For Bhairava’s introduction action sequence, bridges of varied heights were built, along with the ruined remnants of temples that aligned with the film’s script. “It was thrilling to weave elements of science fiction into a dystopian Kasi,” Nitin remarked.

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A significant effort was invested in creating a comprehensive 400-page lookbook detailing the different worlds of Kalki. However, Nitin felt something was amiss. “The designs looked good on their own, but I felt they may not integrate well together to depict a coherent city or timeline,” he said. With input from producer Priyanka Dutt, who was hands-on with the entire workflow, the team revisited the drawing board.

Kasi was envisioned as a vertical city, where demigods like Ashwatthama reside underground, and rakshasas like Yaskin and his army dominate from above. Inhabitants, deprived of basic necessities, look up towards the Complex. “The large construction leading to the inverted pyramid can be seen as common people trying to touch the feet of the Complex,” Nitin illustrated.

The color palette for Kasi incorporated yellows, browns, and blacks, contrasting sharply with the blue and green of the Complex. Costumes designed by Archana Rao for characters in the Complex emphasized their dominance with black and gold hues.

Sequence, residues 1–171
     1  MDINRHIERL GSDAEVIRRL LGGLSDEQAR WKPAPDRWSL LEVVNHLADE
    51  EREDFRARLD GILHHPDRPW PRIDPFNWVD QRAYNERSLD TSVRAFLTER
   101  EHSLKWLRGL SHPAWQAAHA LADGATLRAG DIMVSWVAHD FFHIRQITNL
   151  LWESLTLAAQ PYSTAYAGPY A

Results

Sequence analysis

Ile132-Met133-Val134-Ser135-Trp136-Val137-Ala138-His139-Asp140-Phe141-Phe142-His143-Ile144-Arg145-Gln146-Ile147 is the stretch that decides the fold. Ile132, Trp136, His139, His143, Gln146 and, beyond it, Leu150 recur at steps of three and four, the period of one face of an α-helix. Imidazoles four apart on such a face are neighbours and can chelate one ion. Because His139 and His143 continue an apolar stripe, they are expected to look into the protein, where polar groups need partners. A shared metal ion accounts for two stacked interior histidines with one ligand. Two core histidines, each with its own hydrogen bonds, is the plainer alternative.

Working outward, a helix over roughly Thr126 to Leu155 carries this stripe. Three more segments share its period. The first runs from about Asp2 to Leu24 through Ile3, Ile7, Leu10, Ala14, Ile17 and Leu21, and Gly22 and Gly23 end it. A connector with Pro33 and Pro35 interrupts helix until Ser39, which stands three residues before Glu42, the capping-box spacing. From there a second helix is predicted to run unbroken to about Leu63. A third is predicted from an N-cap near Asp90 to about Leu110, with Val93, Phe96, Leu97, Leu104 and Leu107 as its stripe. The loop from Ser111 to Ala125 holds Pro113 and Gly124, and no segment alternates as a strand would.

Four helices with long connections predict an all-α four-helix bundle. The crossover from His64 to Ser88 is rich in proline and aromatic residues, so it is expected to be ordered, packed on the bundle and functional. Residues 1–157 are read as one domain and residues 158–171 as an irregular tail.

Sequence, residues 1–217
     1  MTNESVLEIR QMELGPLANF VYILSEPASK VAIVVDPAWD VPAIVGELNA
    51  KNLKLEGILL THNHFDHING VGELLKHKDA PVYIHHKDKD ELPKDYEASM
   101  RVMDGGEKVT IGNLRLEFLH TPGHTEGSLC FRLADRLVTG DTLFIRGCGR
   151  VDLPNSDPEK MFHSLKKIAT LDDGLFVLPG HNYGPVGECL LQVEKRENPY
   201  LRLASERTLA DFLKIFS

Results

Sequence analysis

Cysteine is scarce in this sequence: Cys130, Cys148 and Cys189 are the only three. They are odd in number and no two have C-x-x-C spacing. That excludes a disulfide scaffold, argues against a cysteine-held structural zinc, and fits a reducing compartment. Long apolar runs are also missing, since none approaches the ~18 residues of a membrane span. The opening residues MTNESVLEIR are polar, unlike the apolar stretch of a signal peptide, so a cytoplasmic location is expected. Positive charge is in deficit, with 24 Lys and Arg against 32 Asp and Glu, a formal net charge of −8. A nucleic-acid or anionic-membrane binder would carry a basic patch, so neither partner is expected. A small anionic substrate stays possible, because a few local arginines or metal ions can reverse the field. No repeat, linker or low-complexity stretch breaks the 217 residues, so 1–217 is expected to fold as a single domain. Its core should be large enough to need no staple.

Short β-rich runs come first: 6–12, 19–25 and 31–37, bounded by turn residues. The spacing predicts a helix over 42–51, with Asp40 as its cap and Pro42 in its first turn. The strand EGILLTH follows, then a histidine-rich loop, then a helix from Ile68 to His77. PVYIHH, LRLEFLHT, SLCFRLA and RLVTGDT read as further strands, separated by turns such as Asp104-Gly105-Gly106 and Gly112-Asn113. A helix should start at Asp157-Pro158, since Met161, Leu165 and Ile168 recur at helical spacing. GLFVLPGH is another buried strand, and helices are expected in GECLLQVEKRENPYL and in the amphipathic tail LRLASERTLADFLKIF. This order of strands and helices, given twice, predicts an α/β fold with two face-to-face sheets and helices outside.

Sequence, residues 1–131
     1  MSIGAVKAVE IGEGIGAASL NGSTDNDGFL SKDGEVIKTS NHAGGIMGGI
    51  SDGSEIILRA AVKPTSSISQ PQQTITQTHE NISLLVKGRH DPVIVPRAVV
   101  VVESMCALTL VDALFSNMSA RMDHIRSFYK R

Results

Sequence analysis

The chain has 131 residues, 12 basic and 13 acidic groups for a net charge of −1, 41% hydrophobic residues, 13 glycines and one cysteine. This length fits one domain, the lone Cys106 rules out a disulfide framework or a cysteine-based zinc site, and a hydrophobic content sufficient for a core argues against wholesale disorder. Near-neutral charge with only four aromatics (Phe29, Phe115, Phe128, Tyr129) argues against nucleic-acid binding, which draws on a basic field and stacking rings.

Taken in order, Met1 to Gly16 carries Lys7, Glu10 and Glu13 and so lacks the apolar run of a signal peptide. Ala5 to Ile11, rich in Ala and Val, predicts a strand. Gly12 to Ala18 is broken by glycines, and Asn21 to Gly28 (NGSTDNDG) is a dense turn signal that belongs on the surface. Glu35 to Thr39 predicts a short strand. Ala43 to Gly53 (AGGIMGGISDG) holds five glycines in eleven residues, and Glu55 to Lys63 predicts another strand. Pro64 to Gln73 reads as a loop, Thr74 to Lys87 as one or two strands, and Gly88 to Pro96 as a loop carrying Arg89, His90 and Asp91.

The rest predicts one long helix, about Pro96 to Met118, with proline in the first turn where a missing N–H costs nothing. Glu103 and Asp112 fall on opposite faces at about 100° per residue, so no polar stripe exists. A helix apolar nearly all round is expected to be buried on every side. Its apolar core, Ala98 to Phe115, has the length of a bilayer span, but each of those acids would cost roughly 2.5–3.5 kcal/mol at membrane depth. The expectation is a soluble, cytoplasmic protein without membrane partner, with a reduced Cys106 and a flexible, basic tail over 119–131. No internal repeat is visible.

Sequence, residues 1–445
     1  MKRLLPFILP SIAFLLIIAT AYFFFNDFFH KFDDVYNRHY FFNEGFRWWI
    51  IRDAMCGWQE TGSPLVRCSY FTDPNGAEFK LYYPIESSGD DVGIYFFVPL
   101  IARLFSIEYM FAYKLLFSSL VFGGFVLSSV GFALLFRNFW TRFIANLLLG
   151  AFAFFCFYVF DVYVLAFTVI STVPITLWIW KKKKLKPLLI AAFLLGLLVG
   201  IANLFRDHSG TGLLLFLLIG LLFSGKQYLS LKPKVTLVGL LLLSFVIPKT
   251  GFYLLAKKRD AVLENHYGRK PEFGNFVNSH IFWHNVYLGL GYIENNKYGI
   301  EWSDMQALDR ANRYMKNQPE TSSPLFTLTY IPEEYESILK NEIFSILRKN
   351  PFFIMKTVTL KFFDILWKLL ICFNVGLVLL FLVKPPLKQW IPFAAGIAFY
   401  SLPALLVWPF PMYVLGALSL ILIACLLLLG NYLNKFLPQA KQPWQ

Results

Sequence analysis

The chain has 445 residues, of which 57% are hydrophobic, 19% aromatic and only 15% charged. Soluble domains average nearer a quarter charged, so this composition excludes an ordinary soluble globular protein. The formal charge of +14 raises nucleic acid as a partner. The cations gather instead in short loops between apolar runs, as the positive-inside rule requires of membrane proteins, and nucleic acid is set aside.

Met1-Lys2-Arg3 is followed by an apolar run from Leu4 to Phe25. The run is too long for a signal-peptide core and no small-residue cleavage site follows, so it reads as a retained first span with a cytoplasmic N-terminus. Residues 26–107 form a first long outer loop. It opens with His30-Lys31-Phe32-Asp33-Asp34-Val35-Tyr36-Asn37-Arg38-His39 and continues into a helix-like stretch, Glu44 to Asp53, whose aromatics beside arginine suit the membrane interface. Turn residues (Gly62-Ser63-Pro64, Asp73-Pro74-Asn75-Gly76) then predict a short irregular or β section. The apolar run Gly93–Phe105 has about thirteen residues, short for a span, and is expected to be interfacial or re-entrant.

One of the standout images in the Complex is a replica of Michelangelo’s David statue, appearing in a song featuring Bhairava and Roxie (Disha Patani). “We envisioned Yaskin as a fallen God or an antithesis of God,” Nitin elaborated. Yaskin’s domain, a circular space surrounded by water, was intended to symbolize the womb.

In Shambala, a hidden realm in the mountains, the design adopted hues of white, off-white, and grey to align with the snow-covered landscape. “Shambala is portrayed as a sanctuary for people from diverse religions, which led us to remove earlier religious references and focus on the tree as a mother God,” Nitin explained.

For the Kurukshetra scenes, every small detail, such as the flags on warriors’ chariots, was meticulously designed to be era-appropriate. “No shortcuts were taken; each flag was intricately made with threadwork and fake gemstones,” Nitin noted. Large-scale elements, like a 17-foot elephant constructed for the film, were enhanced with visual effects for realism.

In the sci-fi segments, weapons from different eras co-exist. “In today’s age of AI, novelty in design is essential,” Nitin stressed. He shared that for the futuristic guns of 2898 AD, they began by conceptualizing guns without traditional triggers and barrels. “Designing these weapons was like reinventing the wheel,” he said. Some of the guns open into larger sphere-shaped weapons, detailed meticulously in science charts.

Nitin humorously pointed out that explaining the design language of each world in Kalki could take hours. He recalled a temple set built for the film that was so convincing it was mistaken for a real temple by the mothers of Nag Ashwin and Priyanka Dutt, leading to impromptu pujas. “After that, we all considered it a sacred space,” he recollected.

With the extensive work behind Kalki 2898 AD, there are plans to document the creative journey. Nitin mentioned the possibility of creating a coffee table book, capturing the monumental effort that went into bringing this visionary film to life.